As a general rule, we use "in" for months, years, centuries and long periods, and "on" for days and dates. However, there are exceptions.
It all depends on how specific you want to be. Obviously, years comprise of days; days comprise of hours and minutes etc. For example, you might be talking about something that could occur on any day within a month, so you would use "in":
I went swimming 10 times in a month.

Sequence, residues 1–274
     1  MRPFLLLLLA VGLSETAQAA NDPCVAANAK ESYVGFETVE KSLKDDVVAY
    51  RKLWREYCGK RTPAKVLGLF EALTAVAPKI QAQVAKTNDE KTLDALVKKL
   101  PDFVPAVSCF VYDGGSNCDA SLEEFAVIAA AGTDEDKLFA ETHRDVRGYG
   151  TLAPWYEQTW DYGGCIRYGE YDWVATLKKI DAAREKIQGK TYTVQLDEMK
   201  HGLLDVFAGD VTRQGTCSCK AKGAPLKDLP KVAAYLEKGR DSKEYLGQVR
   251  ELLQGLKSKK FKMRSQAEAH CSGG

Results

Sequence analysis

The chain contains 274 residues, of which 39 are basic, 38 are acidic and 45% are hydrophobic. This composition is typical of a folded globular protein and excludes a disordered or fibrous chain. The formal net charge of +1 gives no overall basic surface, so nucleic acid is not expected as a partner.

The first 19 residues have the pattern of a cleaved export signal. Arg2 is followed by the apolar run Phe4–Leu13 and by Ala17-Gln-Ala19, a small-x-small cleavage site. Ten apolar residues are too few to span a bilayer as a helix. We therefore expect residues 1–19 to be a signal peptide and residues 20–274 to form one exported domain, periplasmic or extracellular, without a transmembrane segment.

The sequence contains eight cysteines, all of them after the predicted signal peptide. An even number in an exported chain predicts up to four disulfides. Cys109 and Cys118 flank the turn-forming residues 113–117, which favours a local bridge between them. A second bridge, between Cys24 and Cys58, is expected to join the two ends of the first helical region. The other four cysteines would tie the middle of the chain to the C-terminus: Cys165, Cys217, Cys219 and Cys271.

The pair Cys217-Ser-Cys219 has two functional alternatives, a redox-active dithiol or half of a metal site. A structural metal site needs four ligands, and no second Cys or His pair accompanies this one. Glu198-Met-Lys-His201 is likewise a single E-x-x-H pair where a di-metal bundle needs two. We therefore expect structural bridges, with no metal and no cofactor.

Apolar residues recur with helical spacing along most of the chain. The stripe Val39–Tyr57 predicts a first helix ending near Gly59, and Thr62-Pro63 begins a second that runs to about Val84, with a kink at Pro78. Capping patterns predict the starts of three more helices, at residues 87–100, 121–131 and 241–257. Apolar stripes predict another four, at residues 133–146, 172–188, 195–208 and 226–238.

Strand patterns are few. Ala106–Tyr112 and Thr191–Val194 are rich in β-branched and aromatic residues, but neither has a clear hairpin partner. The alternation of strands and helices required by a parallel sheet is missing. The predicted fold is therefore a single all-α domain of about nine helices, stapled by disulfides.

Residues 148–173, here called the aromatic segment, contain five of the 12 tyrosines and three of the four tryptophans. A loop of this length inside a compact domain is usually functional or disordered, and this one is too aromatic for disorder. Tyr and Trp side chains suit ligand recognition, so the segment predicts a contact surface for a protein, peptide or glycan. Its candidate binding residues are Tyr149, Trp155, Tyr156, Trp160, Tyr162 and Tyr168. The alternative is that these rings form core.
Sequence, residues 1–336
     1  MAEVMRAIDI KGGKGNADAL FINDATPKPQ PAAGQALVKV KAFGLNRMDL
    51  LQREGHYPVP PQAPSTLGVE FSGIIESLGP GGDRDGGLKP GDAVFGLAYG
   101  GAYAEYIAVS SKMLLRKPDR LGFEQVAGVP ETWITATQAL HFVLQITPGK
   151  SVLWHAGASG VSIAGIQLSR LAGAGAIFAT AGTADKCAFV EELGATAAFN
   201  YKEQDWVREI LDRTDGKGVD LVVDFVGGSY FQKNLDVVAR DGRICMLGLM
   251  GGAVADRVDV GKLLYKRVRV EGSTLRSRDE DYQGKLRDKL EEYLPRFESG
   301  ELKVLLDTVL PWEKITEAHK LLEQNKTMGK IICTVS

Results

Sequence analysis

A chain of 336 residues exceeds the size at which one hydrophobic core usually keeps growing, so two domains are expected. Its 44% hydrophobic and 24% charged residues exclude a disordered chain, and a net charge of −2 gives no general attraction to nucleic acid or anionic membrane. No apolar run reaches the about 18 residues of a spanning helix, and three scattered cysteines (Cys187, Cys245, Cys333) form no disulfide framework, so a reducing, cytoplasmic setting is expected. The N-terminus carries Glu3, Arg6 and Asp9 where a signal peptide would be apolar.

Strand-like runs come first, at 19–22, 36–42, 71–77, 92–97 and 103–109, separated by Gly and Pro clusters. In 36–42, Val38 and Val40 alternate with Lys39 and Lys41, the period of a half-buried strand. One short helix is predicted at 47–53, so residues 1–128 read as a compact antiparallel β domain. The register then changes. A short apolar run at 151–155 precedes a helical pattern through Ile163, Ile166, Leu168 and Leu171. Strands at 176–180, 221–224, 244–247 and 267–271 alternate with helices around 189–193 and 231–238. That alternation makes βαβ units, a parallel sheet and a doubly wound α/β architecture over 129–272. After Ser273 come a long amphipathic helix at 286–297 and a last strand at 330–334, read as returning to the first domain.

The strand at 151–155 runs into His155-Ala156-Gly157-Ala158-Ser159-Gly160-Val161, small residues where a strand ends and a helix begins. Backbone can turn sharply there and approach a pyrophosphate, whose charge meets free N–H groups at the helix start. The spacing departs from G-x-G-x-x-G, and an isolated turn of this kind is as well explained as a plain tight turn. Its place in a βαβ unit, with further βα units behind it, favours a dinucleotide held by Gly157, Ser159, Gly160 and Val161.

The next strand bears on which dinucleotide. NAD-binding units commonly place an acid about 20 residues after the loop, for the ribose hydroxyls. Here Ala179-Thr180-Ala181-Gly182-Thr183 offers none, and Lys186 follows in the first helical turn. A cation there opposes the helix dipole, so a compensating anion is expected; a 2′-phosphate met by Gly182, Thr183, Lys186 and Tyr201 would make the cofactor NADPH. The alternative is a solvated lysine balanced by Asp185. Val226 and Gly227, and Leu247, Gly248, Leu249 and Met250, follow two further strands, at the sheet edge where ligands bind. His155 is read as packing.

However, if 'months' were the ultimate unit (ie there is no need to be specific about any smaller unit of time), you might use "on":
I visit my parents on alternate months.
Your example is about past data, and seemingly about something which occurs only once per year (if at all). Arguably, you could use either, because you are talking about something that occured within certain years, but on the other hand you are comparing years as whole units of time.
Alternatively, you could use neither:
Some years, the swallows returned; other years, they did not.